BTer recently suffered a hack of over 51 million NXT, which was its single largest market. They were, with the help of a negotiator, able to recover most of the funds. This morning, we were handed a sort of self-interview / narrative written by the key negotiator himself. While we are not in the practice of posting information handed to us verbatim, this piece included exclusive and important information. We felt that it was in the public's best interest that we post this information, since BTer's account of the event (mostly told through its Twitter page) is the only official voice, other than our roundtable interview that included Bas Wiesslink, that we have heard on the BTer hack. The way this information was given to us also makes it an extremely compelling narrative, 

So, what follows is the story of the hack, as told from Jean-Laurent Tari, also known as DoM P on the NXT Forum, the CEO of CFA Consulting and the key negotiator in the deal that saved BTer from complete disaster. It is important to note that the opinions expressed below are his own. We have contacted him for follow up questions and will note them at the end of the article. The following appears, aside from some minor editing and formatting, exactly how we received it. It appears that Tari may have expected us to post it as an interview that we did with him, (judging by the first "question") but that is not something we do here. That said, it is still an extremely compelling narrative of how CFA Consulting was able to bring one exchange back from the brink of disaster.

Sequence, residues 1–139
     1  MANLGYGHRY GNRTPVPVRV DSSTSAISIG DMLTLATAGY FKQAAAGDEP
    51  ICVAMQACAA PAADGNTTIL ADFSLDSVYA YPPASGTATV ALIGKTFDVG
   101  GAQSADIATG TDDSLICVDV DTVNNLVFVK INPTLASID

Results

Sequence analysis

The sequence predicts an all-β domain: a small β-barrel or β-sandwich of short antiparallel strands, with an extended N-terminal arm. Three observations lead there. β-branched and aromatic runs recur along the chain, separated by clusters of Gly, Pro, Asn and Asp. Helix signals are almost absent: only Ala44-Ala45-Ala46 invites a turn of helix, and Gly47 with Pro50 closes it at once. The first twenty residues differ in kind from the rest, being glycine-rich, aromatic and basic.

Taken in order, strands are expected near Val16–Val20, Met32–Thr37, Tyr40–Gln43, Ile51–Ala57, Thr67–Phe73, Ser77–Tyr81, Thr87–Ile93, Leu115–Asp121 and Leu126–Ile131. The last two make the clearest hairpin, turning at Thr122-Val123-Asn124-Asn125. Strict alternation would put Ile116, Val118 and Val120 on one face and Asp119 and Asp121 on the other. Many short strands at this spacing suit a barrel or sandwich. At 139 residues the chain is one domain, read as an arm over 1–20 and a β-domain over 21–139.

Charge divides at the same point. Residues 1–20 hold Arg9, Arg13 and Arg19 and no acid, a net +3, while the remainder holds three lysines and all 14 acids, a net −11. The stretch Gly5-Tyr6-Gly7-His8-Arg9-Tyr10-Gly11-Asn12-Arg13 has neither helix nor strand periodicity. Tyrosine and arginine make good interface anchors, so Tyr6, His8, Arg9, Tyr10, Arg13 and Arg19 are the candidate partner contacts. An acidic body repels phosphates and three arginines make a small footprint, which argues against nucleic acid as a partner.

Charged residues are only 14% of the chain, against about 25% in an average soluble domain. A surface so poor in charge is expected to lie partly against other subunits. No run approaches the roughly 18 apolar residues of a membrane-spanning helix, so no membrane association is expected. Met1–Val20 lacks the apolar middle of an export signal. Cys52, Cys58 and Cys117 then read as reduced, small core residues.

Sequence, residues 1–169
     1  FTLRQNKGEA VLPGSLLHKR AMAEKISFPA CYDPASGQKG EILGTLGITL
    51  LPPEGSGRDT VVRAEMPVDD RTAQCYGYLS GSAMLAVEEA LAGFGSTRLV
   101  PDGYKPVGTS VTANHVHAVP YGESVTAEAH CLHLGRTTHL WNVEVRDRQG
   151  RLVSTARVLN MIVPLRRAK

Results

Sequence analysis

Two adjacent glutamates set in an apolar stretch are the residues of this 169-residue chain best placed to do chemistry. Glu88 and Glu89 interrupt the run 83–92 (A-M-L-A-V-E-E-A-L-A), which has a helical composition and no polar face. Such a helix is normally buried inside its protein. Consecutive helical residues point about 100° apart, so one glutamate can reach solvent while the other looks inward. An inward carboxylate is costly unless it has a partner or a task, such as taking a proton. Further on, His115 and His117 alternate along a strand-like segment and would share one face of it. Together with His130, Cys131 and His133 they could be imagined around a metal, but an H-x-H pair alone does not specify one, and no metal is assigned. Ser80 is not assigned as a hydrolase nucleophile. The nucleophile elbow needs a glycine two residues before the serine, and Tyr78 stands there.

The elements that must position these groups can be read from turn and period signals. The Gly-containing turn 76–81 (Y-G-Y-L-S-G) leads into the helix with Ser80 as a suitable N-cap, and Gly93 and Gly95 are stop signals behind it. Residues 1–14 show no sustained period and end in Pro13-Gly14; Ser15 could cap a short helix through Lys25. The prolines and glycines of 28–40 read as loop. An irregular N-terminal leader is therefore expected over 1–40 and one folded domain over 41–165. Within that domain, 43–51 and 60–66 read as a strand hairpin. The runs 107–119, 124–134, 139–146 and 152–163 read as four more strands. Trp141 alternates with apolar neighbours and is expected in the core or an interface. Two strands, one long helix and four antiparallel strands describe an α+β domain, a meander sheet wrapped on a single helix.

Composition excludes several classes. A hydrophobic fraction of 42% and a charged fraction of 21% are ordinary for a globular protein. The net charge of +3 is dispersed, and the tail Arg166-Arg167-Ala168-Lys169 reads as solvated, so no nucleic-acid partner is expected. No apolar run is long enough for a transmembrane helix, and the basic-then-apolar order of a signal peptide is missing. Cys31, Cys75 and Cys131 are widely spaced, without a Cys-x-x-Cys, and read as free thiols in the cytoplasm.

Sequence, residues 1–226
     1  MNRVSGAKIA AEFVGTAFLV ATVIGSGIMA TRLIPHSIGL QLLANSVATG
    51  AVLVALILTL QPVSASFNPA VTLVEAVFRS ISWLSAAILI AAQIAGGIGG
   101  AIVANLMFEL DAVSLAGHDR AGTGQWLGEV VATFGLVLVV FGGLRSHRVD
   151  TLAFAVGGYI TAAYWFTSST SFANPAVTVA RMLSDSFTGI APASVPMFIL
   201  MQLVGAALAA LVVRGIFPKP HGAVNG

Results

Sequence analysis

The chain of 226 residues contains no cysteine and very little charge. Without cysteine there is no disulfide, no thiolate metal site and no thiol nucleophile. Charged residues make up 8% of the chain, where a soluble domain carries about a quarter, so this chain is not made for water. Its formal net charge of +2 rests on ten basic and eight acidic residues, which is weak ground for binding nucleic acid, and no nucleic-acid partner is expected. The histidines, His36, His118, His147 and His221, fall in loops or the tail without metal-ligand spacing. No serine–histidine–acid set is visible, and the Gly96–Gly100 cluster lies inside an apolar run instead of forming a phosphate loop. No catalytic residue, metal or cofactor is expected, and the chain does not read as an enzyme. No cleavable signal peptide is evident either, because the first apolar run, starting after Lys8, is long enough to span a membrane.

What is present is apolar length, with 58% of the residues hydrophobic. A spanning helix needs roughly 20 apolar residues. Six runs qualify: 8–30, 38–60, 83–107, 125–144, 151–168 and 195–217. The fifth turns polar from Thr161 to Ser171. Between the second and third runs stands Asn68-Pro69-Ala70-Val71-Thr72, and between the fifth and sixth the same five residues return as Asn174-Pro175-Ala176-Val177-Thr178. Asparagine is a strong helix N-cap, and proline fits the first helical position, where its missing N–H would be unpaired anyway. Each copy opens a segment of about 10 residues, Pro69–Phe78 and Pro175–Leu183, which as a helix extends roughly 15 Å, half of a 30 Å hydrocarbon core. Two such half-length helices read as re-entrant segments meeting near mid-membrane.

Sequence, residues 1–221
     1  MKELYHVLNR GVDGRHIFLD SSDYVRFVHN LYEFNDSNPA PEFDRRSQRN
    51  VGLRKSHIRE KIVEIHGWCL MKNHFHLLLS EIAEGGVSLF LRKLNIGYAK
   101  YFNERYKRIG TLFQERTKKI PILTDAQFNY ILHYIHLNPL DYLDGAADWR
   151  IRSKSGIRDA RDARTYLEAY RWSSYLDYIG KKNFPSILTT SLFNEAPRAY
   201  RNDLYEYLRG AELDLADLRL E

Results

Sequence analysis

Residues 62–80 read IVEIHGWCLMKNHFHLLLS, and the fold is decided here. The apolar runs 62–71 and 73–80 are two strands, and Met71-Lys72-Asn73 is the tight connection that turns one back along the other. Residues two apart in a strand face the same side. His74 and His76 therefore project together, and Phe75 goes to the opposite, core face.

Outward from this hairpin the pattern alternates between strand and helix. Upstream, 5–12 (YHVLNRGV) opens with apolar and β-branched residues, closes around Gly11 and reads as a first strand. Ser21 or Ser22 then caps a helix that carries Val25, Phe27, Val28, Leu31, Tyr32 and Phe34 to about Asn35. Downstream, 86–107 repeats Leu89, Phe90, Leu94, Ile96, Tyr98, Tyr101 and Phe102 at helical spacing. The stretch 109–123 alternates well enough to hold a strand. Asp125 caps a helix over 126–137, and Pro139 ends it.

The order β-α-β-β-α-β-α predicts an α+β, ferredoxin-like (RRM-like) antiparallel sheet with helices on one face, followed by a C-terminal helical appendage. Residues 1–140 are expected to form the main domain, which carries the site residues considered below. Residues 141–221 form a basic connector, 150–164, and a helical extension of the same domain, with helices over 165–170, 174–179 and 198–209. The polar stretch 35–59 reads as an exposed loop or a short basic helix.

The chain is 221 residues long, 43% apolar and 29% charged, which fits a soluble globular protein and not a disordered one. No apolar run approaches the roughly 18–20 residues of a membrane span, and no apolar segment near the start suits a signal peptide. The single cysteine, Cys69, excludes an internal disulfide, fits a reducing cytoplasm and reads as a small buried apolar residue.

Jean, why did you contact us for this interview?

The information that BTer was hacked and that 85% of the stolen NXT were returned is now well spread.
What is not yet known is what happened exactly. Since BTer has decided to come out and announce details about the story, an interview was sought with Mr Tari to learn more about this.
Be ready for a long story…

So, what do you know about the BTer’s hack itself?

The hacker studied BTer and somehow got information about their developers. He then searched information about them, where they had accounts, what online services they used, etc. At some point, he was able to hack into one of those accounts and get the password. That original hack is not linked to BTer’s lack of security, but that of the site. The problem was that this same password was used internally by that developer. So the hacker used this password to get access to privileged information from the BTer database.

"Over 51 million NXT was thus stolen, worth $1.75 million"

Unfortunately, BTer, which had set up 2-factor authentication for accessing most of the sensitive systems, had neglected to do so with their main exchanged currency: NXT. To worsen the situation even further, most of the NXT was in a “hot” wallet. That is, a wallet directly accessible from the site in real time. On the 15th of August, over 51 million NXT were thus stolen, worth $1.75 million.

How did you find the hacker?

The next day (Saturday, the 16th), Bas Wisselink introduced me to Lin, one of the developers at BTer’s, and we started to talk about this issue and its consequences (technical, financial, legal, etc.). Naturally, Lin was highly stressed and welcomed suggestions about the handling of the situation: he had tried to negotiate with the hacker, sent Bitcoins to get the Nxt back, but the deal was broken by the hacker. Lin also wanted help to forge a fork of the NXT blockchain so to create a version of it in which the hack didn’t take place (see previous article here). I told Lin this would not happen, and that major Nxt owners including me were against this idea, as it would kill Nxt as a trustworthy currency: The hack had nothing to do with Nxt, only BTer was responsible, so BTer had to deal with this. With our help, that is.

"We had a credible profile: young male, late twenties to early thirties, computer expert,

very proud of his act and egocentric"